The show's structure is predictable—a group of messed-up friends go to the Hole to fill the void, stuff happens, occasionally they sing ballads—but it lacks a point of view. Witless dialogue and unfocused performances make it impossible to care about the characters, and there's nothing to care about in their stead. The club itself, represented by a platform, a multipurpose turntable (a clever choice by designer Zane Enloe), and loads of red light, is too generic to be interesting. The satire, aimed at targets easy (the sexy airhead, the bossy dyke, the annoying girl from New Jersey) and awkward (negligent single mothers, coke addicts, horny high school teachers), never amounts to a substantive critique. The scandal (nudity, simulated sex acts, racist jokes, sniffing cocaine powder off a dirty bathroom floor) is more tasteless than titillating.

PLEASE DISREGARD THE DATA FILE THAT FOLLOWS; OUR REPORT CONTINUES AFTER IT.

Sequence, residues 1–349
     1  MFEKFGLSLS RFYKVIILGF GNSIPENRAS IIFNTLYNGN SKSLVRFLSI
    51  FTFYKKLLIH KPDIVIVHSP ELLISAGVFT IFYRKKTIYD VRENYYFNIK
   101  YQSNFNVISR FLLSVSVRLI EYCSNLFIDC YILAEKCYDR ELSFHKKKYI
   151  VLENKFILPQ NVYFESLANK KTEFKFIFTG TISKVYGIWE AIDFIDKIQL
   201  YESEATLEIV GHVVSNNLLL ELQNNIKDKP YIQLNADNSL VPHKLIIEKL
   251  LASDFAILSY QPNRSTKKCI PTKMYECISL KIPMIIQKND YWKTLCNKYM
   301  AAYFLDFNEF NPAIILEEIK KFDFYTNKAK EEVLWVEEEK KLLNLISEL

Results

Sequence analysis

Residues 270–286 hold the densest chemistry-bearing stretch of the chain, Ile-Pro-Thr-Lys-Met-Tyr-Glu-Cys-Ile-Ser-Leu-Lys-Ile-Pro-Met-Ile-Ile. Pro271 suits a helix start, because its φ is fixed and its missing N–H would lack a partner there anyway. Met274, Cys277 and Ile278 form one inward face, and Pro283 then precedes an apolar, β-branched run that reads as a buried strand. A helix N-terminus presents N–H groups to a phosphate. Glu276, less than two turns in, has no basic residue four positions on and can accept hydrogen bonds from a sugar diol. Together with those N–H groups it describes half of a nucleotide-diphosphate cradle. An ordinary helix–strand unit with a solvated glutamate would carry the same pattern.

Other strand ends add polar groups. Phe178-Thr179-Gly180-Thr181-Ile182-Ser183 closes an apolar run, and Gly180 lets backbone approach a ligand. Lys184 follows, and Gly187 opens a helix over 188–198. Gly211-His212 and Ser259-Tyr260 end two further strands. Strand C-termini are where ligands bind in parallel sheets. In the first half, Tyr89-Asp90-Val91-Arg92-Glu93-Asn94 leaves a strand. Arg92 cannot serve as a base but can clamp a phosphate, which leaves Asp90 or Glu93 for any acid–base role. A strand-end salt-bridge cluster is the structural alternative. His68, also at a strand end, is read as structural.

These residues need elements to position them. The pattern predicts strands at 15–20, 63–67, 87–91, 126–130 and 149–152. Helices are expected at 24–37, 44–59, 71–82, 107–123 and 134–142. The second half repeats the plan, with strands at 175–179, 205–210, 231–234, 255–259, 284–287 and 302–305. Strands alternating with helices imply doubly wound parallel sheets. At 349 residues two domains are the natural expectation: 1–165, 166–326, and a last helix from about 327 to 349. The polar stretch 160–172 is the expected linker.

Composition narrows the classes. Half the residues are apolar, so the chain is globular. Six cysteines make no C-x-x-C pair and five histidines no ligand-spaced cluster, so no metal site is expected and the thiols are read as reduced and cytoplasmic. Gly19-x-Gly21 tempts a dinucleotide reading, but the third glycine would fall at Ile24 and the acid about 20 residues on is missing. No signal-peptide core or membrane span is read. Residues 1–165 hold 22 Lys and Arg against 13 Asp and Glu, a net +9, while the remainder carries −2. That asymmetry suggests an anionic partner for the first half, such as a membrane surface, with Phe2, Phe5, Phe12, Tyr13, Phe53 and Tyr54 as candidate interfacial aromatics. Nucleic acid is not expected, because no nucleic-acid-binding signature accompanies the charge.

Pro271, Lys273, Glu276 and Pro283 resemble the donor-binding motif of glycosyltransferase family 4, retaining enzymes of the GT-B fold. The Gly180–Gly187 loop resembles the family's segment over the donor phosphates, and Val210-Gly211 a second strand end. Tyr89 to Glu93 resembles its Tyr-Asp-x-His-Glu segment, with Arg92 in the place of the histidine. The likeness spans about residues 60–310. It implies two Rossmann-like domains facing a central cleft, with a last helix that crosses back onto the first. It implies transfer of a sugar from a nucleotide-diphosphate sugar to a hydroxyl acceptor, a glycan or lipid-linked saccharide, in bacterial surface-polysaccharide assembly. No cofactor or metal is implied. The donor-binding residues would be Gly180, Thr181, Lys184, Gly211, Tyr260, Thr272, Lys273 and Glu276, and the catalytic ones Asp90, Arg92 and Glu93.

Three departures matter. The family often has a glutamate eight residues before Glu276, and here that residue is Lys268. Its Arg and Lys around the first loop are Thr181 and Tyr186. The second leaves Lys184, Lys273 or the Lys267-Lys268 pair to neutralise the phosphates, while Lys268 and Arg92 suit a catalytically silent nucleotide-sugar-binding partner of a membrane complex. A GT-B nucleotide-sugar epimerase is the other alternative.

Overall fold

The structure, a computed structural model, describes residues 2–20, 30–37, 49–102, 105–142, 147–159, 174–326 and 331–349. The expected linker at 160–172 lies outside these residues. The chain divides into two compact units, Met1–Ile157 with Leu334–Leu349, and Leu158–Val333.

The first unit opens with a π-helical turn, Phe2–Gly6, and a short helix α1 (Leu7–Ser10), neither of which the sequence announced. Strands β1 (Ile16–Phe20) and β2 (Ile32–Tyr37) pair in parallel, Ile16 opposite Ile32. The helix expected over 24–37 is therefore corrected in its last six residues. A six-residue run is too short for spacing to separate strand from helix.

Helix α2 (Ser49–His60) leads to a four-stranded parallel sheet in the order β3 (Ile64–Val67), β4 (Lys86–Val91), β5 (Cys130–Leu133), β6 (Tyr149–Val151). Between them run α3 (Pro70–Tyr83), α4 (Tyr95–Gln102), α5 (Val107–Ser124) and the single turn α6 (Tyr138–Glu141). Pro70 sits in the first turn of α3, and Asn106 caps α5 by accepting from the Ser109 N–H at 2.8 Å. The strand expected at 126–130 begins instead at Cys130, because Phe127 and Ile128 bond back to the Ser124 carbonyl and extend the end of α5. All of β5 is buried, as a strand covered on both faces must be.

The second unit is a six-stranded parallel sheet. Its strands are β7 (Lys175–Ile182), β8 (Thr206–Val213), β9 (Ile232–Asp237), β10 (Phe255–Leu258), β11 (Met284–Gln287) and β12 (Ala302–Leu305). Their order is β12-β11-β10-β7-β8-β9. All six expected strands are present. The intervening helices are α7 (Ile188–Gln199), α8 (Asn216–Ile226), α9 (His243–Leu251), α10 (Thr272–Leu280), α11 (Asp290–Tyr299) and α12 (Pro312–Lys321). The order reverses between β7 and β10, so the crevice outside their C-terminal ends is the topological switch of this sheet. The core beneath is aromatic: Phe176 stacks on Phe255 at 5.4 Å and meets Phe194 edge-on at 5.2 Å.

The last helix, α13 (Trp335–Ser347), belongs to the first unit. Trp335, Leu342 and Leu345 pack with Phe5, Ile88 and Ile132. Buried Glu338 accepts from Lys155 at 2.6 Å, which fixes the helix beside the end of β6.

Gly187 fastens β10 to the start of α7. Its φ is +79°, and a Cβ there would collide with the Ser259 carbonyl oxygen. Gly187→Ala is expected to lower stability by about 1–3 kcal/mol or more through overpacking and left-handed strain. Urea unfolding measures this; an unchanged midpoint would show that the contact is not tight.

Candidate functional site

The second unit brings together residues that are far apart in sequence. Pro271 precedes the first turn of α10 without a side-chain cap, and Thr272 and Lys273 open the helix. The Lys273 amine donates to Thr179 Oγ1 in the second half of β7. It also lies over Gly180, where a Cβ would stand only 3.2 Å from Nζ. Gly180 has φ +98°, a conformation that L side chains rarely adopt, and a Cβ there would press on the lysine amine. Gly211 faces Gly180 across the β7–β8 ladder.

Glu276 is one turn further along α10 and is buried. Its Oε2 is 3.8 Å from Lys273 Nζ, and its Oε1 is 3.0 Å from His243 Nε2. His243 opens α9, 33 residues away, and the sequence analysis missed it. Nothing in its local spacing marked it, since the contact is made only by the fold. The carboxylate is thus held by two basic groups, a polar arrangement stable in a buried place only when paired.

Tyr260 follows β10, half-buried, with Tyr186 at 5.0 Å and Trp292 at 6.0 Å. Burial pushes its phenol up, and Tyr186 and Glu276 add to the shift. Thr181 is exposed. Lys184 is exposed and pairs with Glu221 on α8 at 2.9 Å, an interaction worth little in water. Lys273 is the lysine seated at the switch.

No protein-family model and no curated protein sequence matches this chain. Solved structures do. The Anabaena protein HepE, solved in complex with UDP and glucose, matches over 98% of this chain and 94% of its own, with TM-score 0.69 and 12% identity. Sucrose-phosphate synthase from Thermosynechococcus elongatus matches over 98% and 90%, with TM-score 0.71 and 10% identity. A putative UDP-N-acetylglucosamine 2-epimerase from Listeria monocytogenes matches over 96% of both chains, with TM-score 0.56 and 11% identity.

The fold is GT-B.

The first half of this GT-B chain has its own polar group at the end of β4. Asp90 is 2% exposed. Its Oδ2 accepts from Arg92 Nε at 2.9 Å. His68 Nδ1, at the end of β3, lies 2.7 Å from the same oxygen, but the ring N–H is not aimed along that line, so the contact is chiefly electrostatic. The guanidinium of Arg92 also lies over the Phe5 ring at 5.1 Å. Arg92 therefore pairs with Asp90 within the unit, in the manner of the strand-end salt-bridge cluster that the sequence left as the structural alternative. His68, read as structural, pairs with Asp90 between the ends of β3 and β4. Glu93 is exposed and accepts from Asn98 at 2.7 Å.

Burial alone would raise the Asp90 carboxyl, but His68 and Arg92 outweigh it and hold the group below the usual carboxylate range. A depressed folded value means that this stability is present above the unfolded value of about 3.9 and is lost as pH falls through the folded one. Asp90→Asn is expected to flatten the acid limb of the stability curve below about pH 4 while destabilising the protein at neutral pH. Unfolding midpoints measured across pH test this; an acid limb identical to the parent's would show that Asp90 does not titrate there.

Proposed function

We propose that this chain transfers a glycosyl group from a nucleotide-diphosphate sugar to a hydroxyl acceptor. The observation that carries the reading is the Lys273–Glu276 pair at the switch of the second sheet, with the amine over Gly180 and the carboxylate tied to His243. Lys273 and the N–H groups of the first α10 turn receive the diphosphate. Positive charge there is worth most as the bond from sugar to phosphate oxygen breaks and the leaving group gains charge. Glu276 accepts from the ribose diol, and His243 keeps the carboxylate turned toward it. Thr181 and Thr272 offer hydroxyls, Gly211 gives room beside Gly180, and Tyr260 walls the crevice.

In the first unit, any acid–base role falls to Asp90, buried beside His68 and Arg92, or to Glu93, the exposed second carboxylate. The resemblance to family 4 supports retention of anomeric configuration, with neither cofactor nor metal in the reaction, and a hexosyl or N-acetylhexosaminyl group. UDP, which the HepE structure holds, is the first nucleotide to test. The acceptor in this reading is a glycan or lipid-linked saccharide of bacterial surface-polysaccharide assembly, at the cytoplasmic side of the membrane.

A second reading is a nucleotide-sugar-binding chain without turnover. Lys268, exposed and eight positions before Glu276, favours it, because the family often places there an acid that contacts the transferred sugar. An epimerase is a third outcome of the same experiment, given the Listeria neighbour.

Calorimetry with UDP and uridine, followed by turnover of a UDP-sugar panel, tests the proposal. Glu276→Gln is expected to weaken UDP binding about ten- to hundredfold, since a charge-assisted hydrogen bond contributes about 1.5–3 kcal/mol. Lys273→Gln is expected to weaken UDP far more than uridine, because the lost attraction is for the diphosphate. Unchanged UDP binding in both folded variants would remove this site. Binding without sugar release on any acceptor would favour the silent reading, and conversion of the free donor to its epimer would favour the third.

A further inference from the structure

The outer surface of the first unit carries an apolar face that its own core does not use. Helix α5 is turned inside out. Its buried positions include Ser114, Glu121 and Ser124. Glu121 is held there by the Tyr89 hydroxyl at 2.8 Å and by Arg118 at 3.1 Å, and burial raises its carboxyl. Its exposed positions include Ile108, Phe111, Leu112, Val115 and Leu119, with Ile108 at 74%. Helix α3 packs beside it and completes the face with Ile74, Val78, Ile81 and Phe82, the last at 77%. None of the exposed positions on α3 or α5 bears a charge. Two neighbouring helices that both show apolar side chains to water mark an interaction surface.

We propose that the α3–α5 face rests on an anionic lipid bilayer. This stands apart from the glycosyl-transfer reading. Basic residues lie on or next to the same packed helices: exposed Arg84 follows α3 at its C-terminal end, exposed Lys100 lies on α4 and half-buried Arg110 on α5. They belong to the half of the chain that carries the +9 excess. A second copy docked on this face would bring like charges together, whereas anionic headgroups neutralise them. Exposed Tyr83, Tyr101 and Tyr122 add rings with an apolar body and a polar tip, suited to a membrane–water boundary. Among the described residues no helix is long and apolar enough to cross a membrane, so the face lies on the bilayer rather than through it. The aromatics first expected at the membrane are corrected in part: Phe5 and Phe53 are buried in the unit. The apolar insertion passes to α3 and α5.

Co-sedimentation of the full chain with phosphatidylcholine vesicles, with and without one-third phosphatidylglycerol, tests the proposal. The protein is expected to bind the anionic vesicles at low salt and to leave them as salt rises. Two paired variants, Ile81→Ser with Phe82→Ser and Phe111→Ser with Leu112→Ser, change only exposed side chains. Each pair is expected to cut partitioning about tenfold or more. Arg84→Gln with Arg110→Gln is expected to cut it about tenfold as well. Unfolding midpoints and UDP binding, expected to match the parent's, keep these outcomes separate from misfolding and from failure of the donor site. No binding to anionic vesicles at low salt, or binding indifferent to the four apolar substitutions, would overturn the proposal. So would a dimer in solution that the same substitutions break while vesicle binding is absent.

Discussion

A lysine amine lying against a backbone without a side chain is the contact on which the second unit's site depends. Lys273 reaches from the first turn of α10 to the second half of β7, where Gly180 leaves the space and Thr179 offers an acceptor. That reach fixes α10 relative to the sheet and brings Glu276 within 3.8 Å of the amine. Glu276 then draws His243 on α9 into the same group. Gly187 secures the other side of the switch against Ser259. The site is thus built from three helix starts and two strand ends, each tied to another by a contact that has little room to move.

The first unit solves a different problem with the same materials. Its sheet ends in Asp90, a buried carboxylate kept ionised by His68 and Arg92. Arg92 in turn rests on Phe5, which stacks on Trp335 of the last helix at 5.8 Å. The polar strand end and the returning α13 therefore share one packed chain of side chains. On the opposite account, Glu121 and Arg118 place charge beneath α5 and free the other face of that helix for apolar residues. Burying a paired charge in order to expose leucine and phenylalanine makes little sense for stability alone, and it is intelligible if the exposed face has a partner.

The poor acoustics of St. Clement's Episcopal Church, unaided by a temperamental sound system, don't help matters. At the performance I saw, most of the lyrics were inaudible. The situation will improve over the course of the run, but that won't help matters either. When Alex Michaels, as drag queen "La Qeefa," makes her grand entrance, the show's problem is neatly summed up. She's dressed to the nines and, as played by Michaels, draped in charisma, but as soon as she opens her mouth, she's a slave to her writers. Honestly, if you can't even get the drag-queen banter right, I'll pay my cover charge elsewhere.
Presented by the Layre Productions at the Theatre at St. Clement's, 423 W. 46th St., NYC. Sept. 12–20. Tue.–Thu, Sat., 8 p.m.; Fri., 7 and 10 p.m.; Sun., 7 p.m. (212) 868-4444 or www.smarttix.com.